Iraq sending teams to Tehran, Washington seeking to calm tensions

BAGHDAD — Iraq will send delegations to Washington and Tehran to help “halt tension” amid fears of a confrontation between the U.S. and Iran, Prime Minister Adel Abdul Mahdi said on Tuesday.

His comments came two days after a rocket fired in Baghdad landed close to the U.S. Embassy.

No one has claimed responsibility Sunday’s attack on the heavily fortified Green Zone, which houses government buildings and diplomatic missions.

Iran has rejected allegations of involvement and has accused U.S. officials of employing “fake intelligence.”

President Donald Trump said on Monday Iran would be met with “great force” if it attacked U.S. interests in the Middle East.

U.N. Iraq envoy Jeanine Hennis-Plasschaert told the U.N. Security Council on Tuesday that Iraq could “be a stabilizing factor in a turbulent region” and that the country could offer a space for regional reconciliation, paving a path for a regional security dialogue.

Iraqi Prime Minister Adel Abdul Mahdi during a meeting with Secretary of State Mike Pompeo in Baghdad on May 8.AFP – Getty Images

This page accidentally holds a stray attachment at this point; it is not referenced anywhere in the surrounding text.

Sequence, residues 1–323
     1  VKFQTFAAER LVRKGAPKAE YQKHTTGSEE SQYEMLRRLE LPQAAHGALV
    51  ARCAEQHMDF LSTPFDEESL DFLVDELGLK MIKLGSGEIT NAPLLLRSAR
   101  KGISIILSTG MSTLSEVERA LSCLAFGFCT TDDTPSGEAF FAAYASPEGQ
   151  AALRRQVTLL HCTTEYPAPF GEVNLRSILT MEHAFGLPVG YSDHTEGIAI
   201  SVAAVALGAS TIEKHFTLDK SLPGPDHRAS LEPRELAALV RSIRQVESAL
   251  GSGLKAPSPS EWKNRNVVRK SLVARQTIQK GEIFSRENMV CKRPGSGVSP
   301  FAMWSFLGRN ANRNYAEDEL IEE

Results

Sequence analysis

“At the same time, we cannot ignore that Iraq faces serious challenges in preventing its territory from becoming the theater for different competitions. So, to all those feeling challenged: placing a further burden on Iraq is truly the last thing it needs,” she warned.

Without naming countries, deputy Russian U.N. Ambassador Vladimir Safronkov told the Security Council that the escalation of tensions in the Gulf had to stop and “confrontation should be replaced by dialogue.”

“Attempts to draw the country (Iraq) into an artificially stoked confrontation with the Islamic Republic of Iran are absolutely counterproductive and will only have a negative impact on the situation within Iraq and the region as a whole,” he said.